supreme compensations: all the things and all the events that occur
around us and that act upon us are but machines set in motion by a
Higher Hand, so as to complete our education for a higher world, in
which alone we shall take our true place. Apply yourself, therefore,
my dear child, to watch over yourself unceasingly and always, so that
you may not take great and fine isolated actions for real virtue, and
may be ready every moment to do all that your duty may require of
you. Fundamentally nothing is great, you see, and nothing small,
when things are, looked at apart from one another, and it is only the
putting of things together that produces the unity of evil or of

"Moreover, God only sends the trial to the heart where He has put
strength, and the manner in which you tell me that your master has
borne the misfortune that has befallen him is a fresh proof of this
great and eternal truth. You must form yourself upon him, my dear
child, and if you are obliged to leave Hof for Bamberg you must
resign yourself to it courageously. Man has three educations: that
which he receives from his parents, that which circumstances impose
upon him, and lastly that which he gives himself; if that misfortune
should occur, pray to God that you may yourself worthily complete
that last education, the most important of all.

"I will give you as an example the life and conduct of my father, of
whom you have not heard very much, for he died before you were born,
but whose mind and likeness are reproduced in you only among all your
brothers and sisters. The disastrous fire which reduced his native
town to ashes destroyed his fortune and that of his relatives; grief
at having lost everything--for the fire broke out in the next house
to his--cost his father his life; and while his mother, who for six
years had been stretched an a bed of pain, where horrible convulsions
held her fast, supported her three little girls by the needlework
that she did in the intervals of suffering, he went as a mere clerk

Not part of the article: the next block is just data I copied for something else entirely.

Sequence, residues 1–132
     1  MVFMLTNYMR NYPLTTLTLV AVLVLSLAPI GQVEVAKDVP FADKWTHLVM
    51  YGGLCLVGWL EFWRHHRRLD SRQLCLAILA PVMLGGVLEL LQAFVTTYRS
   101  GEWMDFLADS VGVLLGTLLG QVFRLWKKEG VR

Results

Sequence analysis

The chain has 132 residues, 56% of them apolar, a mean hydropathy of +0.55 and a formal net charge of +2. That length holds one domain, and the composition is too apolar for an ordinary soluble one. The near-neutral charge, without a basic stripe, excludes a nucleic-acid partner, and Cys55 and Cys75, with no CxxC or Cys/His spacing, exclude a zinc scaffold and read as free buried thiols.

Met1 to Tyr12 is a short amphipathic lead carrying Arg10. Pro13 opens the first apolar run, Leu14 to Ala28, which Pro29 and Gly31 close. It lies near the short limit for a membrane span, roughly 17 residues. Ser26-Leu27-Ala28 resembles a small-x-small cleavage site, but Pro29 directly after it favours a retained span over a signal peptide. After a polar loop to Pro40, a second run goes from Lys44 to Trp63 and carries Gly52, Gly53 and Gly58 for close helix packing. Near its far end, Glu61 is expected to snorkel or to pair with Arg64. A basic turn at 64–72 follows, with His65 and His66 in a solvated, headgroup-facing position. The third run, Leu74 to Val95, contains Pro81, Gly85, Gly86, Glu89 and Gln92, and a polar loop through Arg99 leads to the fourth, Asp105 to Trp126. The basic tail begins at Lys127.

into one of the leading mercantile houses of Augsburg, where his
lively and yet even temper made him welcome; there he learned a
calling, for which, however, he was not naturally adapted, and came
back to the home of his birth with a pure and stainless heart, in
order to be the support of his mother and his sisters.

"A man can do much when he wishes to do much: join your efforts to my
prayers, and leave the rest in the hands of God."

The prediction of this Puritan woman was fulfilled: a little time
afterwards rector Salfranck was appointed professor at Richembourg,
whither Sand followed him; it was there that the events of 1813 found
him. In the month of March he wrote to his mother:--

"I can scarcely, dear mother, express to you how calm and happy I
begin to feel since I am permitted to believe in the enfranchisement
of my country, of which I hear on every side as being so near at
hand,--of that country which, in my faith in God, I see beforehand
free and mighty, that country for whose happiness I would undergo the
greatest sufferings, and even death. Take strength for this crisis.
If by chance it should reach our good province, lift your eyes to the
Almighty, then carry them back to beautiful rich nature. The
goodness of God which preserved and protected so many men during the
disastrous Thirty Years' War can do and will do now what it could and